The Echelon is orderable with a standard 4.5″ barrel or a 5.28″ threaded version. You can also choose the sight configuration from a U-Dot with front Tritium and luminescent ring or a standard Tritium three-dot configuration. This sample came with the U-Dot and would be my choice — it offers a fast sight picture.

The Echelon normally ships with a 17-round flush fit and 20-round extended base pad magazine. The bodies are steel and drop freely, whether full or empty. I did notice the magazine base plate has a bit of grip stippling on the sides. A nice but subtle touch to help yank one out in the event of some malfunction. If you happen to live in a “we’re here to protect you from yourself” state (insert epic eye-roll and sarcasm here), the company offers 10-round magazine configurations.

The trigger of this sample broke consistently at six pounds with a decent break after a grit-free take-up stage and about 1/8″ of movement under pressure. The reset was crisp and easy to detect.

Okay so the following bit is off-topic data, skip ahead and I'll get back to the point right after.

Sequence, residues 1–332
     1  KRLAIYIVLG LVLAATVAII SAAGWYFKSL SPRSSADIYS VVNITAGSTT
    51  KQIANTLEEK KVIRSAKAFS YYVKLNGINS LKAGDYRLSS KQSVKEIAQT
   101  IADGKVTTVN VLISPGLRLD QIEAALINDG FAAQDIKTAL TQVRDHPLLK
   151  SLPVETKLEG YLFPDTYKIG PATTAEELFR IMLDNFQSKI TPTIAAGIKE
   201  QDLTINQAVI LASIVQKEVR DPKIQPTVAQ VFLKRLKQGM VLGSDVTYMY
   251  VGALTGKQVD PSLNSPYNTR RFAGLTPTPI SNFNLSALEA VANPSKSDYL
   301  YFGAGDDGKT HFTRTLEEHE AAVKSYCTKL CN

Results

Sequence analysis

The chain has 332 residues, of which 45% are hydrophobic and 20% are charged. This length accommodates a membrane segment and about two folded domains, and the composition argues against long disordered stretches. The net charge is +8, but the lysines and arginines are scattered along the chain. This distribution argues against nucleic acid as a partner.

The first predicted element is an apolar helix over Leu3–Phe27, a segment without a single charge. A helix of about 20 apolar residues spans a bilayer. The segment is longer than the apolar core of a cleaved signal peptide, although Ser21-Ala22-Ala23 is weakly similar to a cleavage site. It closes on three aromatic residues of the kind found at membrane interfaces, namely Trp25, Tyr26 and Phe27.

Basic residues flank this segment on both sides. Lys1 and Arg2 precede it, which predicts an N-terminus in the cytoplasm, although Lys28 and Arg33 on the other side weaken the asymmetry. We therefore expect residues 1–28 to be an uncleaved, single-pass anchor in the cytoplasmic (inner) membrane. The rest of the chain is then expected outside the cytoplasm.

Tom tested the Echelon with a variety of 9mm
ranging in weight from 100 to 124 grains.

Accuracy Heritage

I’ve always experienced impressive accuracy from models of the XD series; I suspect Springfield Armory pays a little extra attention to barrel and lockup tolerances. For example, an XDM OSP Threaded I tested produced a series of 25-yard, five-shot groups ranging from 0.88″ to 1.84″ with five different types of ammo.

The Echelon doesn’t disappoint, either. I tested five different loads from 25 yards and recorded the following five-shot group sizes: Norma Hexagon 124-grain (1,091 fps) 1.51″, Black Hills HoneyBadger 100-grain (1,262 fps) 1.69″, Black Hills FMJ 115-grain (1,157 fps) 1.96″, Black Hills JHP 115-grain (1,205 fps) 1.90″ and Norma Safeguard 115-grain (1,098 fps) 0.71″. Those groups were shot with a 3.25 MOA red dot. Would even smaller groups be attainable with a 1 MOA dot? I wouldn’t be surprised as the 3.25 MOA dot covered a large part of the aim point.

MSRP of the Echelon series ranges from $679 for the standard U-Dot models to $739 for the threaded three-dot version.

For more info:

Subscribe To American Handgunner

Purchase A PDF Download Of The American Handgunner Nov/Dec 2023 Issue Now!